Studies have documented high rates of asthma symptoms among responders to the World Trade Center (WTC) disaster. However, whether there are increased rates of asthma among responders compared to the general population is unknown.
The study population consisted of a prospective cohort of 20,834 responders participating in the WTC Medical Monitoring and Treatment Program between July 2002 and December 2007. We calculated prevalence and standardized morbidity ratios (SMRs) of lifetime asthma and 12-month asthma (defined as ≥1 attacks in the prior 12 months) among WTC responders. The comparison population consisted of >200,000 adults who completed the National Health Interview Survey in 2000 (for pre-9/11 comparisons) and between 2002 and 2007 (for post-9/11 comparisons).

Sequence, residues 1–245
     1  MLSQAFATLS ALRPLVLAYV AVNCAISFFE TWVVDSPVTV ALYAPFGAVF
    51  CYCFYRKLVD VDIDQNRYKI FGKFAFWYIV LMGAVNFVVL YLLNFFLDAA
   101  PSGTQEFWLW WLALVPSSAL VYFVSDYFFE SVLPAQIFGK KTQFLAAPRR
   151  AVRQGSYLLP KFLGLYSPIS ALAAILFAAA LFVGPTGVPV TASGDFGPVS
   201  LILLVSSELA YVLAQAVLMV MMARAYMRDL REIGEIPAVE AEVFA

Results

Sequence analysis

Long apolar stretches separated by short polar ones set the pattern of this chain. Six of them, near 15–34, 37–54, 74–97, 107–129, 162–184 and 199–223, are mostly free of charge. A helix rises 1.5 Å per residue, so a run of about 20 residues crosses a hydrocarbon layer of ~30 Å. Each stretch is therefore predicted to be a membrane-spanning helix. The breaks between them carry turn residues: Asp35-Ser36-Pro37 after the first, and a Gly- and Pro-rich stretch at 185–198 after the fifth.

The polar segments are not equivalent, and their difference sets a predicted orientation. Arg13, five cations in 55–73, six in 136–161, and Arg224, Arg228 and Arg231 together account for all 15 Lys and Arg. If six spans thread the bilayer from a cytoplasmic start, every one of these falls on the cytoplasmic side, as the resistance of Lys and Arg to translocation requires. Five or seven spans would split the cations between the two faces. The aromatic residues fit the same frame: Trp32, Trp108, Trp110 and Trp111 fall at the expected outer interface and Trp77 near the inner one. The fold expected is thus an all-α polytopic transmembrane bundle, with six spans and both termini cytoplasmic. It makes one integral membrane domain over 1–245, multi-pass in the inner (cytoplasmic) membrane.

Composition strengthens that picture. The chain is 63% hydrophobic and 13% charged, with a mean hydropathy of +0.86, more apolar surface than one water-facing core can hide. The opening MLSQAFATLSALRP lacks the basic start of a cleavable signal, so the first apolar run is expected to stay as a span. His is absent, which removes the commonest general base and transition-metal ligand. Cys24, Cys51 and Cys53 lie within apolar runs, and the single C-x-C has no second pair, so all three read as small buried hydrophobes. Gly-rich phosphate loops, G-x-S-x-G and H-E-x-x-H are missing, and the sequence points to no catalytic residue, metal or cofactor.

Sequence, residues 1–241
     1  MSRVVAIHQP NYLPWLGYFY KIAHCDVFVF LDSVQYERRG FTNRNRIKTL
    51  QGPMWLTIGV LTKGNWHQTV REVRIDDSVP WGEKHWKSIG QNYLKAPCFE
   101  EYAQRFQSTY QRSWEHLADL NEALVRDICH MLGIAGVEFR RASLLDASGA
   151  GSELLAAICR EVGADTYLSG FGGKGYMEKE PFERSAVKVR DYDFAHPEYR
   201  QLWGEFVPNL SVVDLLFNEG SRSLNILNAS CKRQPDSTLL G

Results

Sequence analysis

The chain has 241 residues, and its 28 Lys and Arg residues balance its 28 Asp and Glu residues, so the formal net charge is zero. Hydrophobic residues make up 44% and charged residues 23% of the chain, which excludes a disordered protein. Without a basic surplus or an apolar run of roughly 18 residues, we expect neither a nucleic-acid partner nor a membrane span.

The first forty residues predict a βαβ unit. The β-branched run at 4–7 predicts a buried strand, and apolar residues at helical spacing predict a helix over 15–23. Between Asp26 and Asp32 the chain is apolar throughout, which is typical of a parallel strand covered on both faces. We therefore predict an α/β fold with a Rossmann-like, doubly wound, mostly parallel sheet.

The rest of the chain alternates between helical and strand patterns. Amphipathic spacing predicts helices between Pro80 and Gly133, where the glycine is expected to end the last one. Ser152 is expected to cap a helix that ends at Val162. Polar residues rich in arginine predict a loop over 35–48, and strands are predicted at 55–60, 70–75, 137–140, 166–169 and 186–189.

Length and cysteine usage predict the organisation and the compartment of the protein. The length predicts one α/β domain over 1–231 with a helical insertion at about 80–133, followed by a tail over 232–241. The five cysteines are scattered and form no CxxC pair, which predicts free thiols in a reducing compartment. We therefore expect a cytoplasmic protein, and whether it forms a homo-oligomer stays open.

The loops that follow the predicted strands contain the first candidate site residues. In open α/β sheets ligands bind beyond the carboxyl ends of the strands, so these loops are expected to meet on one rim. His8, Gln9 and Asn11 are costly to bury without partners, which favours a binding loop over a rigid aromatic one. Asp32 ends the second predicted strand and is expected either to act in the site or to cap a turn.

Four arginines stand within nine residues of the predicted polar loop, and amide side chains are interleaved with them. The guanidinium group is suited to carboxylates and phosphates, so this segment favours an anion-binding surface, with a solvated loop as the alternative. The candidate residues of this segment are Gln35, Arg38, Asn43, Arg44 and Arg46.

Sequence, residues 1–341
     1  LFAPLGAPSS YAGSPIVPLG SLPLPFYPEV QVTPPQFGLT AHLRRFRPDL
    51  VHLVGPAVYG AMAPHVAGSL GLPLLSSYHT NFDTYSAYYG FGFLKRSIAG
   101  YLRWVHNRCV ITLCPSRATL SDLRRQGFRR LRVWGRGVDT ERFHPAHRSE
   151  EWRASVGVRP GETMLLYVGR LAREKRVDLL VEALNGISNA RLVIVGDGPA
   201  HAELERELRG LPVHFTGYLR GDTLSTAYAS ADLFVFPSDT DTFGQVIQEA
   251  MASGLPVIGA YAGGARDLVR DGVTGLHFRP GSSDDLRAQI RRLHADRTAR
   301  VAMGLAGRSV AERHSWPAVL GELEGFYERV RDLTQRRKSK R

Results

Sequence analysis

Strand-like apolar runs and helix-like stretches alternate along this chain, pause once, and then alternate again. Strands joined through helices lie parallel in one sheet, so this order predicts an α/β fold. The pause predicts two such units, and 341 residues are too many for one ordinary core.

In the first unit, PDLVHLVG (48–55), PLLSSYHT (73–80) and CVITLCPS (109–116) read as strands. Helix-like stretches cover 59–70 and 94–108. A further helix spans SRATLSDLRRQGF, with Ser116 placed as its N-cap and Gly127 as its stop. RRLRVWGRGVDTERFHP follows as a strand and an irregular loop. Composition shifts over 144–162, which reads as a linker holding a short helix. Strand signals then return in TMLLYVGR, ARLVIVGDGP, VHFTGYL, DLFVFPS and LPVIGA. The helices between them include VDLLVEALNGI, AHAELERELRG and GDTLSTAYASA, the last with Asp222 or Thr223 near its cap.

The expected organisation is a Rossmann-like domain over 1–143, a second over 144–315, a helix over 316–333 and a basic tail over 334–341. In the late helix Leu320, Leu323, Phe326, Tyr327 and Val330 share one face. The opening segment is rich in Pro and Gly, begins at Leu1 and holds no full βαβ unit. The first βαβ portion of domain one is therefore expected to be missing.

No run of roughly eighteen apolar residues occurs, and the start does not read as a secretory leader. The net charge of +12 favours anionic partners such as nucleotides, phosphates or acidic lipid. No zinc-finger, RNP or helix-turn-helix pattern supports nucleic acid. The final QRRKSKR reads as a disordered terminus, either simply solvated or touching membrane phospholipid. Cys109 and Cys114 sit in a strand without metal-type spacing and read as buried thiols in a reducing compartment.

WTC responders were on average 43 ± 9 years old, 86% male, 59% white, and 42% had an occupation in protective services. The lifetime prevalence of asthma in the general population was relatively constant at about 10% from 2000 to 2007. However, among WTC responders, lifetime prevalence increased from 3% in 2000, to 13% in 2002, and 19% in 2007. The age-adjusted overall SMR for lifetime asthma among WTC responders was 1.8 (95% CI: 1.8-1.9) for men and 2.0 (95% CI: 1.9-2.1) for women. Twelve-month asthma was also more frequent among WTC responders compared to the general population (SMR 2.4, 95% CI: 2.2-2.5) for men and 2.2 (95% CI: 2.0-2.5) for women.
WTC responders are at an increased risk of asthma as measured by lifetime prevalence or active disease.